small worries

I had gone to bed worried about 2 things :

1) Is my work large or dramatic enough to say anything about war? Many drawings are small, in size  and in subject: mothers and children who were close to home and did not have the ability or luxury to think in terms of the big picture.

2) Why am I putting out work about war and not work that is more obviously what people might want to buy, or about the beauty of the world or work that is easier to look at, I love abstract and sketching from life, why am I not leading with that?

In the morning I read an article about June Leaf.  Learning about her work seemed like a reply to my worries. Her work is small, it was close to home, yet it contains the whole drama of life. Both June Leaf’s work and this quote from the article reassured my doubts about my work:

“When you ask an artist why they make work, they might respond with: “because I have no choice”. For people outside the art world this doesn’t always make sense. Artists are referring to an inner drive that compels them to make work. This explains why artists might make art despite no evidence of exhibition or sales. People start off making art for all kinds of reasons: pleasure, amusement, approval, fame and money to name a few; however, what keeps them making work over an extended period of time is usually an inexplicable need to create.” ~ Wendy Welch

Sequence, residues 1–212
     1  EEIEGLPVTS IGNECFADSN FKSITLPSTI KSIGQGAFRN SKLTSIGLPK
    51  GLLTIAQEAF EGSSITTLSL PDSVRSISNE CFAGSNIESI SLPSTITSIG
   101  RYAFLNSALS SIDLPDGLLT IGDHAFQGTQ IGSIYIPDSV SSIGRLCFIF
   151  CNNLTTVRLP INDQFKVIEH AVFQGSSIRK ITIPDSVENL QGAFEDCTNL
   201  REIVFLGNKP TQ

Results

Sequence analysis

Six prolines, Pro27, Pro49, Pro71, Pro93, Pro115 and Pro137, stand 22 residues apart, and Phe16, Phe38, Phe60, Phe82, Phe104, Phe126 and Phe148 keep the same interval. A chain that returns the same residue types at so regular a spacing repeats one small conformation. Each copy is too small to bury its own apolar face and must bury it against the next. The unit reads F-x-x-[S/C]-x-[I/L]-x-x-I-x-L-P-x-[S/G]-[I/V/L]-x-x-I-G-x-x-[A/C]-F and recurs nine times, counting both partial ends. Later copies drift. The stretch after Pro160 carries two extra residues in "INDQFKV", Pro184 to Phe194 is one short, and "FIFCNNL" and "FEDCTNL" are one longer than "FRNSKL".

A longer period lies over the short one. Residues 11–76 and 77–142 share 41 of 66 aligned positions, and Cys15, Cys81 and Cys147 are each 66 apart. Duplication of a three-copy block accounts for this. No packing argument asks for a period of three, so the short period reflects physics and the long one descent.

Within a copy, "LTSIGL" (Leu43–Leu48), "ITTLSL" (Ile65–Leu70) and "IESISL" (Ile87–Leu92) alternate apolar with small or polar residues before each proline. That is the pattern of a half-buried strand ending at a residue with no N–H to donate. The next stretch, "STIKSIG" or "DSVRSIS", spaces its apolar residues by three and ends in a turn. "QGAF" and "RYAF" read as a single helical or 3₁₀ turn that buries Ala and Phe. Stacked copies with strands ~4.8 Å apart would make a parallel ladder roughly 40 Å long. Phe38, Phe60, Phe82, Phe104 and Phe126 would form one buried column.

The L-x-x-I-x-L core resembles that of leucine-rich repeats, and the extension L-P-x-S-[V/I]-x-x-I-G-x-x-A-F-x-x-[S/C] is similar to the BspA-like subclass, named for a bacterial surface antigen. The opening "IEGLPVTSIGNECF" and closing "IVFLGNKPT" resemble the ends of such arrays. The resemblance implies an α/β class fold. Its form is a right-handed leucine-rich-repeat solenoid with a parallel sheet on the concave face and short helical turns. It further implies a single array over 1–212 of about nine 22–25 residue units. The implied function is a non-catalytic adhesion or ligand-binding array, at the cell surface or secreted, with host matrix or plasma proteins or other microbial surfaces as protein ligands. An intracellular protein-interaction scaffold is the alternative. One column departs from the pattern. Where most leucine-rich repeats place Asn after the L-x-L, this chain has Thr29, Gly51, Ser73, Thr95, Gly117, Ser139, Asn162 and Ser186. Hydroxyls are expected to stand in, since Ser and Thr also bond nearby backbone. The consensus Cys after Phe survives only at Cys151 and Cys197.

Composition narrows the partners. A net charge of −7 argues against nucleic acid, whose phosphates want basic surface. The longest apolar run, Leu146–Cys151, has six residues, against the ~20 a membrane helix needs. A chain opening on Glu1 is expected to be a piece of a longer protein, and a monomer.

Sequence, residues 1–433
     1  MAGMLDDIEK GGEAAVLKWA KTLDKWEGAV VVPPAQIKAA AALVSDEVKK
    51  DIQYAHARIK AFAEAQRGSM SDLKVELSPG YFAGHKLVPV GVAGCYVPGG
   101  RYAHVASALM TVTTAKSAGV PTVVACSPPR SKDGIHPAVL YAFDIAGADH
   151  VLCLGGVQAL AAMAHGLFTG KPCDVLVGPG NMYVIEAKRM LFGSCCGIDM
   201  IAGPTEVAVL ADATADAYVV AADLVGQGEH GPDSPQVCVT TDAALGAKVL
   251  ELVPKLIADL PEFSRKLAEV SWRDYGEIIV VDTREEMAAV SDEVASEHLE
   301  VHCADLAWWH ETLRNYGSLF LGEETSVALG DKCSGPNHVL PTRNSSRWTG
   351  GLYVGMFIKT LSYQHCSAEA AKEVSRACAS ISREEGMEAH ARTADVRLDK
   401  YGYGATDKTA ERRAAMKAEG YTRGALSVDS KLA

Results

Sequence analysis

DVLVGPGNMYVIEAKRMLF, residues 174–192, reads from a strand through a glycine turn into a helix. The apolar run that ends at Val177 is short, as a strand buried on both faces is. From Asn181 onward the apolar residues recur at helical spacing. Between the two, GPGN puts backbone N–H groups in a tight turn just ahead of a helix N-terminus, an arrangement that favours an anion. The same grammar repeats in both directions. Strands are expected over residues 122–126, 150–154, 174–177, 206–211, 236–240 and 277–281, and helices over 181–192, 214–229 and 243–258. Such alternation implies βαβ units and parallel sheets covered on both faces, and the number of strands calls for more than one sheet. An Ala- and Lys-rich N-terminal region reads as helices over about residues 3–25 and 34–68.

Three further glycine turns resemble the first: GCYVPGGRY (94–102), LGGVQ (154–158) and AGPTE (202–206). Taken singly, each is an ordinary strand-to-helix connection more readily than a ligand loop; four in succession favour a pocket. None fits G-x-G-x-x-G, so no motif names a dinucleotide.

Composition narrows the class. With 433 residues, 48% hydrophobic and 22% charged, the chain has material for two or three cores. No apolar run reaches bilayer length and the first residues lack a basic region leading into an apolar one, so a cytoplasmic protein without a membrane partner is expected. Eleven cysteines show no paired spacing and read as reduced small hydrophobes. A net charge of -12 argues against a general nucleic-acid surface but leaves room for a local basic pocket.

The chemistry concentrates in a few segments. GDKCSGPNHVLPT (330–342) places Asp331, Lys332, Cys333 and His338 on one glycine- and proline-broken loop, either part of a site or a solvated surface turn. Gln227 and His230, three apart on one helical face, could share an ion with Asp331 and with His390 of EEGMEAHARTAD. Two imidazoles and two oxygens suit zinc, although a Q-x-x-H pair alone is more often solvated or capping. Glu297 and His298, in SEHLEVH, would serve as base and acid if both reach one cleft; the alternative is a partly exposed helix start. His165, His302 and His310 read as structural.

leaf1_785_1000_90
June Leaf, Woman Carrying Infant Upstairs, 2011, acrylic on paper on tinplate, 11 x 12.5 inches.

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